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times(2) - times, times - get process times - man 2 times

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TIMES(2)                   Linux Programmer's Manual                  TIMES(2)

       times - get process times

       #include <sys/times.h>

       clock_t times(struct tms *buf);

       The times() function stores the current process times in(1,8) the struct tms
       that buf points to.  The struct tms is as defined in(1,8) <sys/times.h>:

       struct tms {
              clock_t tms_utime;  /* user time(1,2,n) */
              clock_t tms_stime;  /* system time(1,2,n) */
              clock_t tms_cutime; /* user time(1,2,n) of children */
              clock_t tms_cstime; /* system time(1,2,n) of children */

       The tms_utime field contains the CPU time(1,2,n) spent executing  instructions
       of  the  calling  process.   The  tms_stime field contains the CPU time(1,2,n)
       spent in(1,8) the system while executing tasks  on  behalf  of  the  calling
       process.   The  tms_cutime  field contains the sum of the tms_utime and
       tms_cutime  values  for  all  waited-for  terminated   children.    The
       tms_cstime  field contains the sum of the tms_stime and tms_cstime val-
       ues for all waited-for terminated children.

       Times for terminated children (and their descendants) is  added  in(1,8)  at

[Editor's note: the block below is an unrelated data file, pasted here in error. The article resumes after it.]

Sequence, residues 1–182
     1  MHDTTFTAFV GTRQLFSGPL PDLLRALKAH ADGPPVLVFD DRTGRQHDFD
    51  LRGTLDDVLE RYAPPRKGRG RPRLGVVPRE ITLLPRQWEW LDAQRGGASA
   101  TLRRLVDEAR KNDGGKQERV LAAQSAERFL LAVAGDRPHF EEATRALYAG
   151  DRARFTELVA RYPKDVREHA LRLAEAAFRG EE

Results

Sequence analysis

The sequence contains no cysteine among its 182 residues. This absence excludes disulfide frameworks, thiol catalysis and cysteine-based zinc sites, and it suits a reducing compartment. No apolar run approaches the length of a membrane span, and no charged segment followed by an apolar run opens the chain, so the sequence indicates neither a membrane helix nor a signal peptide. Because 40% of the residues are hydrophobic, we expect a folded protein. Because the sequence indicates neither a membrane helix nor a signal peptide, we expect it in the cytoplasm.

the  moment wait(2) or waitpid(2) returns their process ID. In particu-
       lar, times of grandchildren that the children  did  not  wait  for  are
       never seen.

       All times reported are in(1,8) clock(3,n) ticks.

       The  function times returns the number of clock(3,n) ticks that have elapsed
       since an arbitrary point in(1,8) the past.  For  Linux  this  point  is  the
       moment  the system was booted.  This return value may overflow the pos-
       sible range of type clock_t.  On error(8,n), (clock_t) -1 is  returned,  and
       errno is set(7,n,1 builtins) appropriately.

       The number of clock(3,n) ticks per second can be obtained using
       In  POSIX-1996 the symbol CLK_TCK (defined in(1,8) <time.h>) is mentioned as
       obsolescent. It is obsolete now.

       On Linux, if(3,n) the disposition of SIGCHLD is  set(7,n,1 builtins)  to  SIG_IGN  then  the
       times   of  terminated  children  are  automatically  included  in(1,8)  the
       tms_cstime and tms_cutime fields, although POSIX 1003.1-2001 says  that
       this should only happen if(3,n) the calling process wait()s on its children.

       Note that clock(3,n)(3) returns values of type clock_t that are not measured
       in(1,8) clock(3,n) ticks but in(1,8) CLOCKS_PER_SEC.

       SVr4, SVID, POSIX, X/OPEN, BSD 4.3

       SVr1-3  returns long and the struct members are of type time_t although
       they store clock(3,n) ticks, not seconds since the epoch.  V7 used long  for
       the struct members, because it had no type time_t yet.

       On  older  systems the number of clock(3,n) ticks per second is given by the
       variable HZ.

       time(1,2,n)(1), getrusage(2), wait(2), clock(3,n)(3), sysconf(3)

Linux                             2002-06-14                          TIMES(2)

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